, Derry, New Hampshire


March 8, 2013

NBC's Thursday lineup becomes 'must flee TV'

Thursday was once the most profitable night of the week for NBC. But the network’s prime-time ratings and fortunes have eroded dramatically in recent years, forcing network executives to rethink their strategy.

Last fall, NBC’s schedule contained a curious recruit for the marquee time slot of 10 p.m. Thursday: “Rock Center With Brian Williams.”

The news magazine show occupied the spot once reserved for the hallmark NBC dramas “ER,” “LA Law” and “Hill Street Blues.” Ratings for Williams’ show were weak, attracting fewer than 4 million viewers an episode.

Worse, NBC advertising executives struggled to sell the show’s commercial time to Hollywood film studios that long have spent lavishly on Thursday to promote their weekend movie releases.

This month, NBC executives shifted “Rock Center” to Friday, and its ratings grew 10 percent. NBC filled the Thursday-night slot with the medical drama “Do No Harm.” Executives figured that it could do no worse — but it did. “Do No Harm” scored record-low ratings and was yanked after just two episodes.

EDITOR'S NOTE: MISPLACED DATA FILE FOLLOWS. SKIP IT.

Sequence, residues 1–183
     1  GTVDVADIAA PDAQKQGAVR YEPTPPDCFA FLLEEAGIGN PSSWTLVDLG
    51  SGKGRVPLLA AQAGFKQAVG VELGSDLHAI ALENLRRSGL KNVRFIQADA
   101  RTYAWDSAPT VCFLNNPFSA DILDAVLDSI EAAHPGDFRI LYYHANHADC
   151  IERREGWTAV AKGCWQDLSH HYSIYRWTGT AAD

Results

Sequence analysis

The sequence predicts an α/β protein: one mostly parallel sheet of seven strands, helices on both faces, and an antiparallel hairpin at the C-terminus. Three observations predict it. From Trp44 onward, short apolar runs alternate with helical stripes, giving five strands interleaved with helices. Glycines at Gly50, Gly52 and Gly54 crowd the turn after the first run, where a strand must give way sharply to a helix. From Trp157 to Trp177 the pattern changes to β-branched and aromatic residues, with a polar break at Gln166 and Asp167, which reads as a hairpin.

NBC’s crumbling Thursday lineup — ratings are down 20 percent from last season — illustrates the challenges facing the Comcast Corp.-owned broadcast network as it labors to reverse a decade of audience declines. NBC now attracts 5.2 million viewers Thursday, a fraction of its audience a decade ago, according to Nielsen.

Things could get worse: Two of the network’s primary Thursday comedies, “The Office” and Tina Fey’s “30 Rock,” are ending their runs, leaving NBC with even more holes on the most profitable night of television.

“Thursday night has to be a priority for NBC,” Jason Maltby, a top advertising buyer with the ad agency Mindshare, said in an interview. “It is a key night for marketers looking to drive their weekend sales.”

From the late 1990s to about 2003, NBC generated as much as $800 million in annual profit from its “Must See TV” lineup, which boasted such defining shows as “Friends,” “Seinfeld” and “Will & Grace.” “Friends” drew more than 17 million viewers an episode in its last two seasons.

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